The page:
The concept of federalism is important to the functioning of our government. The autonomy of states is necessary in many situations and especially to prevent federal overreach. I will argue below, however, that the federal government must sometimes intervene. Although Hurricane Katrina and same-sex marriage are two totally different topics, they can be easily compared considering the term ‘federal protection.’
While there where multiple federal policy failures amplified in the aftermath of Hurricane Katrina, there were also many successes. Any time a natural disaster occurs, there must be a collective effort in recovery. This includes local, state, and federal governments as well as non-profit organizations and grassroots volunteers. After Hurricane Katrina, many individuals blamed FEMA for the chaotic evacuation scenes when in fact “FEMA and the federal government have no formal responsibility for for planning and conducting evaluations,” (Birkland & Waterman, 2008). Further, George Bush signed a nearly $52 billion aid bill incredibly soon after disaster struck, money that the state government simply would not have had without federal aid (“Bush signs,” 2005).
Many people agree that if there is one thing the federal government is responsible for, that is the protection of its citizens. There are many rights protected by the federal document we call the Constitution. When considering the LGBTQ+ community, one must understand that the right to marry should be a protection extended by the federal government. The ability of a couple to marry in one state only to have that marriage not recognized in another is preposterous. Some might argue that the majority of citizens in some states, especially those in the Bible Belt, do not agree with same-sex marriage so their state government should not have to permit it. What these people are failing to realize is another important concept: separation of church and state.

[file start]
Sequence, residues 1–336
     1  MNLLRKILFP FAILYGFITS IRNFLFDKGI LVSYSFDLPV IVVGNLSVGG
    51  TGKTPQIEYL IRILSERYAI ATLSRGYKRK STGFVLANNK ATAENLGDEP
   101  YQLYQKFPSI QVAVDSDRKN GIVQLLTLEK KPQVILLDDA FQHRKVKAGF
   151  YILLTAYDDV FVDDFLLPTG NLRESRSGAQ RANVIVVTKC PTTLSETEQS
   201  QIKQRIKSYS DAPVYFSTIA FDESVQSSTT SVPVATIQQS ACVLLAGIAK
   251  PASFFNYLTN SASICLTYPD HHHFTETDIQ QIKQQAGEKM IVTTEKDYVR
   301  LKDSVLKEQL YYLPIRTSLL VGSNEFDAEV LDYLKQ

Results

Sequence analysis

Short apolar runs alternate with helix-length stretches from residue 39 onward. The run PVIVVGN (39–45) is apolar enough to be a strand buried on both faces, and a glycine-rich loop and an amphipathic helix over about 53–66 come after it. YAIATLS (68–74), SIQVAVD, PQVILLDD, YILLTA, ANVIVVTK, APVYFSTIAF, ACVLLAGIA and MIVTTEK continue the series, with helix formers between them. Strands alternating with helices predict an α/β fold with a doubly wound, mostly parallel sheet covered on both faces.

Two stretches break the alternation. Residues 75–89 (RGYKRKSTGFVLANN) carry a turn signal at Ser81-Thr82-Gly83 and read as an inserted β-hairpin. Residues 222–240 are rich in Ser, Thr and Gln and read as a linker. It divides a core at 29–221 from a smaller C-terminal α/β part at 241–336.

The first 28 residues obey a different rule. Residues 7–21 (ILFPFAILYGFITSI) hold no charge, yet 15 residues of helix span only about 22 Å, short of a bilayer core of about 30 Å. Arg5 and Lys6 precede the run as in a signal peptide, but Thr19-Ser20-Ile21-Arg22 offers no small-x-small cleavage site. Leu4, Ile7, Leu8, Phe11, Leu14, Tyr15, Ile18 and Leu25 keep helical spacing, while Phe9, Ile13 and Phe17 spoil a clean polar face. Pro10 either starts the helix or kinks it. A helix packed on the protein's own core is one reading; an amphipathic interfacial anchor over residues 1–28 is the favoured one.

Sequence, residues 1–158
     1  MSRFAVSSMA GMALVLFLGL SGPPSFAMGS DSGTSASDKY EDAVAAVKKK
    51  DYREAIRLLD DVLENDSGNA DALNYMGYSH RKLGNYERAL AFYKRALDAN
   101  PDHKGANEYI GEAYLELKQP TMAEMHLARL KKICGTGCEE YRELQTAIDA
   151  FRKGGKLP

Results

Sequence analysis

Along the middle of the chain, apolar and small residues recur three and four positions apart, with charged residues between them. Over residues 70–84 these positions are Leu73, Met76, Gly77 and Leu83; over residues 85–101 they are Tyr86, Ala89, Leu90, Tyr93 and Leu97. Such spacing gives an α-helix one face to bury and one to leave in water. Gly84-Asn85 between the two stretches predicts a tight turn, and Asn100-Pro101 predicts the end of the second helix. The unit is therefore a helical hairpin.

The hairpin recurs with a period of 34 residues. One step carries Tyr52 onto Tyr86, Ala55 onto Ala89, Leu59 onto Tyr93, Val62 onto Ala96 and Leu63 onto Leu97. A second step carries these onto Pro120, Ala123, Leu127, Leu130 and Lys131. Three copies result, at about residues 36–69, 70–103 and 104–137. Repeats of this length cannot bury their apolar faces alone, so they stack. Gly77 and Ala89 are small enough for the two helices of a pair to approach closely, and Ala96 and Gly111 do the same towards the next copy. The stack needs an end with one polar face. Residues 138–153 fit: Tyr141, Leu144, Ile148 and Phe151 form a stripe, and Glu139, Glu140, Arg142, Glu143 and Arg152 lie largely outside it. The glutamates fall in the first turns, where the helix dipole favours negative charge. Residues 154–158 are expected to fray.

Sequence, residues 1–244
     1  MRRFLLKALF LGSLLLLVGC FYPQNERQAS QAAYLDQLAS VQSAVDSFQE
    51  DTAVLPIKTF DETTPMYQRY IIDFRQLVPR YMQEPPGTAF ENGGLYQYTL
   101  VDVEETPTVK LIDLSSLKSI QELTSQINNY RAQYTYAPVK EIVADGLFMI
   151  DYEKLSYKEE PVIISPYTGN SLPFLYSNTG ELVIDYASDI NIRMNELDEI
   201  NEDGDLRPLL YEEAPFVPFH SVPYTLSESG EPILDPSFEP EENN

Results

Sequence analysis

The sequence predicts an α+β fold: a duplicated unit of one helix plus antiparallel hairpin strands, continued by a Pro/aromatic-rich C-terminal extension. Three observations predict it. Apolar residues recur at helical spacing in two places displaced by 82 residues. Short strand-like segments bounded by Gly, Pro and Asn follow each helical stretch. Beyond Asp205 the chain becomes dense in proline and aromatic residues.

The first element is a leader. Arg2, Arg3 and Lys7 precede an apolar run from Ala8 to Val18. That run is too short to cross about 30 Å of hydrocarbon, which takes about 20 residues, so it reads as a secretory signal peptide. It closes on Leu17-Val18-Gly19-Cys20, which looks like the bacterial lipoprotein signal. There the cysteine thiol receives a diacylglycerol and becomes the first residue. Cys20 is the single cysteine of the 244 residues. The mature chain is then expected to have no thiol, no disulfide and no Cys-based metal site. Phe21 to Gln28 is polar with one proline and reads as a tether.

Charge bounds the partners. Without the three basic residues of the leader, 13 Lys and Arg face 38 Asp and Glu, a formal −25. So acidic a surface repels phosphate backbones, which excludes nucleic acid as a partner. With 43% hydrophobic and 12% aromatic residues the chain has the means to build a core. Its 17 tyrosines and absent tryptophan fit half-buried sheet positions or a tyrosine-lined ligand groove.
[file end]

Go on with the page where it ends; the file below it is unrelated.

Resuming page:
Birkland, T. & Waterman, Sarah. (2008, July 29). Is federalism the reason for policy failure in Hurricane Katrina? Publius: The Journal of Federalism, 38(4), 692-714. https://doi:10.1093/publius/pjn020
Bush signs $51.8 billion bill for hurricane relief. (2005, September 09). Retrieved April 05, 2021, from https://www.nbcnews.com/id/wbna9250306
REply with 150 words
In most situations, I do not agree with state governments being in control of many controversial topics that affect individuals. State governments, according to them, are more responsive to popular control, more sensitive to state issues and problems, and more understanding of the culture and values of the states population than are national governments. For these reasons, they argue, state governments are better able to address important problems and protect individual rights. When a topic widely affects many individuals over varying states is when I believe the federal government should have the overall say in resolving the matter. One state is not going to prioritize another state over themselves. Imagine if there was no federal government and states were in control of funding. Would the other states have been willing to give up some of their funding to help Louisiana during Hurricane Katrina? I do not believe they would, and this is why the federal government is essential. I believe in same-sex marriage even though I do not personally have that kind of relationship. I pride myself on having empathy and putting myself in someone elses shoes. I do not believe that 50 states can come together and make this decision alone without the federal governments interference. I understand that Congress is essentially a mini version of this, but it is with a smaller number of representatives/senators per state. I think we all agree and disapprove of Congresss lack of timeliness when passing bills.
reply with 125 words.